Neighborhood movie houses are gone with the wind
Richard G. Carter | 5/10/2012, 3:32 p.m.
Another favorite was the Roosevelt, which lured us in droves for "Two Hits for Two Bits" on Wednesday and Thursday nights. "The Velt," as we called it, was closest to the Regal in popularity. It's where I was entranced by 1951's fabled "The African Queen," Humphrey Bogart's tour de force with Katharine Hepburn.
Not too far north was the Franklin, close to my residence in the late 1950s. I clearly recall running into a long lost high school buddy enjoying himself immensely there for 1957's great "The Bridge on the River Kwai." In my late teen years, I also loved the classy Egyptian, which featured decor to match its name. It somehow seemed fitting that this is where I took in the late James Dean's bravura work in the sprawling "Giant" (1956).
About six blocks from where I lived were two storied theaters--the Grand and Peerless--a block apart on a mainly white, semi-commercial street on the near East Side. Black and white students of Lincoln High School often gathered there. It was among the few public places that brought us together at night.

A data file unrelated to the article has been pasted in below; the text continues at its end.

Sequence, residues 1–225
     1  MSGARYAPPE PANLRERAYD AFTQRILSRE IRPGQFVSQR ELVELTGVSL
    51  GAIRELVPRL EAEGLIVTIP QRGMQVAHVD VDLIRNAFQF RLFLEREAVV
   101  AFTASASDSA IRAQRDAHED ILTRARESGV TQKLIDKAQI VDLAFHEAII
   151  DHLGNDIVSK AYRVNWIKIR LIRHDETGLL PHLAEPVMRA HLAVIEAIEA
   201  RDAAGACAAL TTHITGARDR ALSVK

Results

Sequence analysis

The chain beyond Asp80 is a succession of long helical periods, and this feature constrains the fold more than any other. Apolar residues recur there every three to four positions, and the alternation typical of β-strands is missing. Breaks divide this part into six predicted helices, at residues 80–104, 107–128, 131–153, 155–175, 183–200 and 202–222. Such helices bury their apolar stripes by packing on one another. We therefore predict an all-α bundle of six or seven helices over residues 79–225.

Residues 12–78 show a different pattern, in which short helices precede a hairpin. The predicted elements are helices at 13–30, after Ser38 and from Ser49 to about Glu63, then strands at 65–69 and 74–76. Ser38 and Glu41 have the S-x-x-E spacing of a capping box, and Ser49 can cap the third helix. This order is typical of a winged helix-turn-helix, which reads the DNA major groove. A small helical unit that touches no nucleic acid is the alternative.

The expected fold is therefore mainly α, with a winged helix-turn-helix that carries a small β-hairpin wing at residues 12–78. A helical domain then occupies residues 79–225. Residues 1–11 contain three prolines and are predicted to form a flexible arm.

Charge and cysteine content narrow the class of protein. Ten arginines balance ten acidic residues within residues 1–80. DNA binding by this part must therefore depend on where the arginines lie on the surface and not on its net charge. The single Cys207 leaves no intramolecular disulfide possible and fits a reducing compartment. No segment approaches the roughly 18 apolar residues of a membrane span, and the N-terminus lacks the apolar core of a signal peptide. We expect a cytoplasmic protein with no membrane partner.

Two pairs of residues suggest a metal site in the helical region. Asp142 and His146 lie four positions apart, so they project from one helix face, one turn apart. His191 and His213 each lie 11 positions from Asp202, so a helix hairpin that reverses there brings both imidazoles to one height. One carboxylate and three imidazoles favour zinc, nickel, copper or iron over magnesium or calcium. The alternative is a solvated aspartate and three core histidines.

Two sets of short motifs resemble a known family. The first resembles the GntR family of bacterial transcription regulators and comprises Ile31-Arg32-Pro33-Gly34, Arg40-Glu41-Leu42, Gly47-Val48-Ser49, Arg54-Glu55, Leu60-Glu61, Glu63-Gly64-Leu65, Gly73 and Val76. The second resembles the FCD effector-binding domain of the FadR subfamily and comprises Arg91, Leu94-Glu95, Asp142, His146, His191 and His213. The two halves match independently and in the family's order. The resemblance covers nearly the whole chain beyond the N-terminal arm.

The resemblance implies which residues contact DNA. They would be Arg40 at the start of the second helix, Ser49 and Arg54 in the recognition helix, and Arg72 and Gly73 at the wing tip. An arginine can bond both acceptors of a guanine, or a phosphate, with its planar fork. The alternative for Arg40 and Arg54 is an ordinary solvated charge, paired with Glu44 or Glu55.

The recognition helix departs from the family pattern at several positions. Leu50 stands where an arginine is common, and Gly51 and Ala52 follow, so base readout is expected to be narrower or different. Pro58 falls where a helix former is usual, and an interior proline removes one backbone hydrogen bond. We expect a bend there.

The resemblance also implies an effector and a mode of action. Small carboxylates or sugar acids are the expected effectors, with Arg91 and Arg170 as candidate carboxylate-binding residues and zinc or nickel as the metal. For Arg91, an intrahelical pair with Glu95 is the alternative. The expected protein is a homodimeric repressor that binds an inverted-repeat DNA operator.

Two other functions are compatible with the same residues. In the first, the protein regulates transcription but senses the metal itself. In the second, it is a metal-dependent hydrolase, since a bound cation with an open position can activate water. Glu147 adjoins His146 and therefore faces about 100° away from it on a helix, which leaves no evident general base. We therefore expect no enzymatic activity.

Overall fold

How well I recall being seated with white high school chums I only talked to during the day and sharing our feelings for Academy Award-worthy roles by the likes of Anthony Quinn in "Viva Zapata!" (1952), Richard Burton in "The Robe" (1953) and Dorothy Dandridge and Harry Belafonte heading an all-Black cast in "Carmen Jones" (1954).
Finally, there was the Colonial, a big, balconied house on a busy business street near a popular department store and many taverns. One of the most memorable neighborhood theaters in my Midwest youth, it attracted many families to its double features. I marveled there at Oscar-nominated Gloria Swanson in 1950's "Sunset Boulevard" and John Huston's gritty "The Asphalt Jungle" the same year.
But best of all, in the mid-to-late 1950s, the Colonial presented doo-wop and original Black R&B on its spacious stage. Among big names I saw perform there were Little Richard, Bo Diddley and the legendary Spaniels of "Goodnight Sweetheart, Goodnight" fame.
Those were the days, my friends. I thought they'd never end. Sadly, end they did, and look at us now. But I'll never forget the sights and sounds of neighborhood movie houses.